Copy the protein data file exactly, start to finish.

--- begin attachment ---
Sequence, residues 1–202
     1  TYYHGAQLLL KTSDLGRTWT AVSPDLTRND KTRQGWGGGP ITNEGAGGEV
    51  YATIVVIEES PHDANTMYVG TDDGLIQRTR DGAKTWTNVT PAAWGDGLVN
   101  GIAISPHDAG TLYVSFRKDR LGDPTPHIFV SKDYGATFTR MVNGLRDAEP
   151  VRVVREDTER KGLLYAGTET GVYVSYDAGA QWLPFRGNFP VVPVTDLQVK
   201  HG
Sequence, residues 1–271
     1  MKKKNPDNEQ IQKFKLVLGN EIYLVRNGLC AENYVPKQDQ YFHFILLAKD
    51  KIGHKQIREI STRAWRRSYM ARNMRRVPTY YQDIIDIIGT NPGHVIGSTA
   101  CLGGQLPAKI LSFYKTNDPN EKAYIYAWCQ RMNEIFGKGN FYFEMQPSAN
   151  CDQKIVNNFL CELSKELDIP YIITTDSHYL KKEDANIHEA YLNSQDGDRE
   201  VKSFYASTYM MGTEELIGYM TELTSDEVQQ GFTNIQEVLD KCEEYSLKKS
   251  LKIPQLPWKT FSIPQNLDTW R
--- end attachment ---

Sequence, residues 1–202
     1  TYYHGAQLLL KTSDLGRTWT AVSPDLTRND KTRQGWGGGP ITNEGAGGEV
    51  YATIVVIEES PHDANTMYVG TDDGLIQRTR DGAKTWTNVT PAAWGDGLVN
   101  GIAISPHDAG TLYVSFRKDR LGDPTPHIFV SKDYGATFTR MVNGLRDAEP
   151  VRVVREDTER KGLLYAGTET GVYVSYDAGA QWLPFRGNFP VVPVTDLQVK
   201  HG
Sequence, residues 1–271
     1  MKKKNPDNEQ IQKFKLVLGN EIYLVRNGLC AENYVPKQDQ YFHFILLAKD
    51  KIGHKQIREI STRAWRRSYM ARNMRRVPTY YQDIIDIIGT NPGHVIGSTA
   101  CLGGQLPAKI LSFYKTNDPN EKAYIYAWCQ RMNEIFGKGN FYFEMQPSAN
   151  CDQKIVNNFL CELSKELDIP YIITTDSHYL KKEDANIHEA YLNSQDGDRE
   201  VKSFYASTYM MGTEELIGYM TELTSDEVQQ GFTNIQEVLD KCEEYSLKKS
   251  LKIPQLPWKT FSIPQNLDTW R